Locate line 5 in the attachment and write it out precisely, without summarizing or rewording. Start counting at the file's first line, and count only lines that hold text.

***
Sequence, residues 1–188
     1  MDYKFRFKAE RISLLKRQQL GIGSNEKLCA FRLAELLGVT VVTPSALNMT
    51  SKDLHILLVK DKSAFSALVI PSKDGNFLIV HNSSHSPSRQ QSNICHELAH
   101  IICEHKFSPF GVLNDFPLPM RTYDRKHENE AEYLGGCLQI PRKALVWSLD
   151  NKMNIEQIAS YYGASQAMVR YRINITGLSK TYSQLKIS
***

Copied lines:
   151  NKMNIEQIAS YYGASQAMVR YRINITGLSK TYSQLKIS